## Functions and Methods

Functions and Methods are two terms that are interchangeably used to refer to a written portion of code that performs a task and optionally returns a value. In my opinion it is not correct to interchange these words as they where initially described to me to mean two similar but different things that we will address as we go on here. It is important to note that I am in the minority that believes there is a strict difference in these terms, as such you can and should assume that whenever you see either of these words they could mean either of the two definitions. This is a debatable theory of sorts where there is no official answer that dictates who is right and who is wrong, you can agree with the way I think of it or not and it will not directly effect your knowledge or abilities. Functions A function as mentioned is a bit of written code that performs an operation and optionally returns a value. When I say function I specifically am speaking of what we call procedural coding. That means that a function is just a function, it can be used by itself and it is not part of a class or data object (that we will cover soon). The way you write a function can vary from language to language but the core fundamental that you are doing is always the same. You are assigning a word that you can use in your code that can perform an operation and optionally return a value (yes I'm a broken record). Functions can take what we call "arguments", an argument is a variable that you give to the function, this is something the function can use in its operation that helps to determine the value that it might be returning. In strongly-typed languages the return data type and argument data types are very important, in some other softly-typed languages the return types and data types may not matter as much or may not even be required at all but it does always help when you know in your mind what type of data you are feeding in and what type of data you are expecting to come out. This might be best shown with another small example, again I will be using C++ here, remember that how you write this in another language might look slightly different but the technique is the same and what it does is the same.  int startNumber = 5; int otherNumber = 3; int addNumbers(int firstNumber, int secondNumber) { int resultNumber = firstNumber + secondNumber; return resultNumber; } int myNumber = addNumbers(startNumber, otherNumber);  What we see here is that we start off declaring (and defining) two integer variables that we will be using. startNumber and otherNumber, we set the values 5 and 3 to these variables. Then we define a function, we say it will return an integer, and that it takes two integers as arguments, (firstNumber and secondNumber). It is important to note here that firstNumber and secondNumber only exist within that function and nowhere else. That means that outside of the function's { } braces firstNumber and secondNumber may cause an error (in a strongly-typed language) or will always be 0 (in a softly-typed language). Likewise startNumber and otherNumber normally do not exist within the function itself (this is "scoping" which is a bit more advanced theory you will learn on your own later). Inside the function we declare a new variable (that only exists within the function) and assign it the value of firstNumber + secondNumber. This makes resultNumber 8 (duh). We then "return" this resultNumber. After this we actually use the function to make something happen. We create another new integer variable called myNumber and we assign it the value returned from the addNumbers function, we give the addNumbers function the arguments of startNumber and otherNumber (which inside our function turn into firstNumber and secondNumber respectively). What happens here is that at the end of this example myNumber is 8. Although this example is very pointless it simply demonstrates how you could create a function to do some work and return a value. Now in your code instead of writing that work out every time you can just use that function to get the result you want. You use functions often to keep yourself from typing out the same "work" over and over again. It is always good practice to put "work" into functions whenever possible, in the long run it will limit the time you spending typing code and make it easier to make changes to everything that uses that function all from one spot instead of searching over your entire code and changing it everywhere you wrote that same "work". Methods Again, please note that many other programmers will say that a method is exactly the same thing as the "function" we just defined and technically they are right (as there is no answer to which term specifically means what). Unfortunately I kind of have to jump ahead of the next section and mention this now, I'm sure it's a bit confusing but it has to be said here to limit the confusion if you are reading somewhere else and you see people talking about "methods" meaning the same thing as I just defined for functions. Just always remember that depending on who says either of these words will make the difference on what that word means to them. When I say "Method" I am referring to a function that is a part of a class or object as we will cover next. Many other people say "method" and what they mean is exactly what I just defined as a function. Vice verse some people may use the term "class function" or "class method" to mean exactly what I mean when I use the word "method". To a beginner this is a bit confusing, the easiest way to deal with this is just to remember that both words can be used interchangeably and no matter how you look at it they both refer to a portion of code that performs an operation and optionally returns a value. Sometimes they might be "procedural" like we just saw in the function example. Sometimes they might be part of a "class object", but either way what they do is exactly the same, they do work, might let you provide arguments and might return a value. If and when you start working with another coder it is good practice to discuss this and agree upon what you will mean when you use these words to help prevent confusion as you go on.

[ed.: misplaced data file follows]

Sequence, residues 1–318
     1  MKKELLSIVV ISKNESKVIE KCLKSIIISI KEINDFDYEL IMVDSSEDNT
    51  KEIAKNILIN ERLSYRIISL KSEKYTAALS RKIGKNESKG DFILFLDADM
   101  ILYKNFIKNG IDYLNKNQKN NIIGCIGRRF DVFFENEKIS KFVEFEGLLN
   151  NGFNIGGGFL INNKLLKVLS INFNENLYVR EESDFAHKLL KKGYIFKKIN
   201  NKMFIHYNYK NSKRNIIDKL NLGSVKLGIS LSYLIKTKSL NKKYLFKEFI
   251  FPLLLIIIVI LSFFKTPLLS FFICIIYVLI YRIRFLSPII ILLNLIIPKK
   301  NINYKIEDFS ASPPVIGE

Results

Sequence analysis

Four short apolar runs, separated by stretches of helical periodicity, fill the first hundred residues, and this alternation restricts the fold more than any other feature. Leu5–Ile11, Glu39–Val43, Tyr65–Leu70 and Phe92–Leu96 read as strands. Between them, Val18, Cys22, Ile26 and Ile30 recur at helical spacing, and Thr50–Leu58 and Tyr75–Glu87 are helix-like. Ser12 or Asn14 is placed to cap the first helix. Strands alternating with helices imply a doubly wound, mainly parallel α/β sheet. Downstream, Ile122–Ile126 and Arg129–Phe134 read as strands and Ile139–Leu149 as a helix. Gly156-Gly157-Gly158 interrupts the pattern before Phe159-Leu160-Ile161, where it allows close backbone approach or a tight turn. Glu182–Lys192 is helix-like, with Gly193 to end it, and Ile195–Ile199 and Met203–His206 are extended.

# Where to go from here?

Report Article

## User Feedback

You need to be a member in order to leave a review

## Create an account

Register a new account